I usually read a page or two of some book before I go to bed. Recently, I was reading about Jung's decision to try to discover the myth by which he personally was living. He asked himself, "What was the game I enjoyed when I was a child?" Joseph Campbell asked a similar question: "What did you do as a child that created timelessness, that made you forget time?" That night, I began to drift in my memories, as aging people do. I drifted to a day when I was a preschool child with my mother, who was visiting her friend for coffee. In the back yard was a large Mimosa tree, cultivated in that rustic, branching, natural way by Sun, Wind and Rain - an image of Eastern Asia, with its fine pink flowers and mystic perfume. As I climbed high up a branch,  hanging on, hugging it, the sun entered my bones like an X-ray with a warmth and brightness boring deep in my essence, leaving a moment of "All is Right with my World" framed in memory -- a glowing happiness. This feeling has returned to me my whole life, whenever I see a Mimosa tree.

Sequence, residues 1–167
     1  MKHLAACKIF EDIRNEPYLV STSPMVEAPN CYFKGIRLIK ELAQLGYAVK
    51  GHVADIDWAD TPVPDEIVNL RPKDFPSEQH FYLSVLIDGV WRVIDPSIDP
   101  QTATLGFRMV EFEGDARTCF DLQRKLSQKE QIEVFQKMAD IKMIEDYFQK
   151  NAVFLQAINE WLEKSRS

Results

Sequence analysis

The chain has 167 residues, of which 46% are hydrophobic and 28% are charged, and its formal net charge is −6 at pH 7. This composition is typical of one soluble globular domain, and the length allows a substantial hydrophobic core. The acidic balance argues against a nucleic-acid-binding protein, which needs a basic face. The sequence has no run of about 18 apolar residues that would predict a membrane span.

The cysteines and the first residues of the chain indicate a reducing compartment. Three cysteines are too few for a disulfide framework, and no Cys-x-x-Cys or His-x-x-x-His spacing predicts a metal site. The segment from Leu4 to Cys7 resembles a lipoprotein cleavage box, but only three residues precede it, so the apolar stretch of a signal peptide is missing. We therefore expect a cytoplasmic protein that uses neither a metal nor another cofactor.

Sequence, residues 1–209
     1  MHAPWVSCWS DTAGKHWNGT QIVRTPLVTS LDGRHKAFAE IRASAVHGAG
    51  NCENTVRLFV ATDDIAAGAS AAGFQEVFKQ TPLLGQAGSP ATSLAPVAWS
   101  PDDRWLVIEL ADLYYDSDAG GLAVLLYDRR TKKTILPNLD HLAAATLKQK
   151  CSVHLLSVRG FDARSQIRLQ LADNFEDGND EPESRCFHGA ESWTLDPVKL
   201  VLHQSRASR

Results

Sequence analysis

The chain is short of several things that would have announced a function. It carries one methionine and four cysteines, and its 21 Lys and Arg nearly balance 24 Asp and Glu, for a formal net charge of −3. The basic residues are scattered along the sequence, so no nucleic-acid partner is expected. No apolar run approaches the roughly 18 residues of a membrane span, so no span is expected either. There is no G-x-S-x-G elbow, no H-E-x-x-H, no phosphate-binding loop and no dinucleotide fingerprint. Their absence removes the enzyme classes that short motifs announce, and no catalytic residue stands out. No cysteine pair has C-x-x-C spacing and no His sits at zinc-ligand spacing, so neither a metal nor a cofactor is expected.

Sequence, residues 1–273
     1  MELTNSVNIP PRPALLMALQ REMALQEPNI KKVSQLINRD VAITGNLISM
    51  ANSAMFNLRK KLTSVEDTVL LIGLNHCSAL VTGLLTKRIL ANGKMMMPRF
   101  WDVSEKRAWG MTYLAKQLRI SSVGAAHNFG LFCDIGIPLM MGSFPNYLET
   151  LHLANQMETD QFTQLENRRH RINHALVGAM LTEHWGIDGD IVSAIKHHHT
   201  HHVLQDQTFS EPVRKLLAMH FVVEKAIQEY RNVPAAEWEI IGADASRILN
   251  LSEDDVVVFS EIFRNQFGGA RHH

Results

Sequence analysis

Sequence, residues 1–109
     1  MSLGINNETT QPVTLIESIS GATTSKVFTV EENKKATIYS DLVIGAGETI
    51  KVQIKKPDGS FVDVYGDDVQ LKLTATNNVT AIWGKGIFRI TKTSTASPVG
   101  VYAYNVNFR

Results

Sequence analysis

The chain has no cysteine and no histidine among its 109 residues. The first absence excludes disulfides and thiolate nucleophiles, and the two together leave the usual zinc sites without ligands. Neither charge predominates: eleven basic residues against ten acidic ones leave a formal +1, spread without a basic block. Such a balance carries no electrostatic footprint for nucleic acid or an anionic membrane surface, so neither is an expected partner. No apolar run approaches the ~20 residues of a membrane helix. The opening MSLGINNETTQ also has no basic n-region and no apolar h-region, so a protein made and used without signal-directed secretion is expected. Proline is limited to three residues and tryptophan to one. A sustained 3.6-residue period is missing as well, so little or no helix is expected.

My memory floated again to my old home where I grew up in Houston. There was a large elm tree in the back; the seeds always reminded me of bunches of bananas! I would climb high up the tree, perhaps looking for that timelessness of the Mimosa. One day, the first day of Spring, a Finch with green and yellow feathers landed right next to me. We looked at each other in a natural innocence and she sang a song to me.  I said, "Hello, little bird." There was magic in that moment as she turned her head inquisitively! Everyday I would climb the tree to see if my new friend was there, but she never was. Then the next year's first day of Spring came and I climbed the tree again, hoping, hoping I would see her once more. To my complete surprise she landed next to me. There was no mistake--it was her!  She sang her Song and gave me her eyes. I was hers.


Oh, of timeless days                                                                                                               when we are but a child.                                                                                                     Simple breezes of                                                                                                                   eternal moments,                                                                                                                  framed in our hearts,                                                                                                       magically change into                                                                                                                  our essence.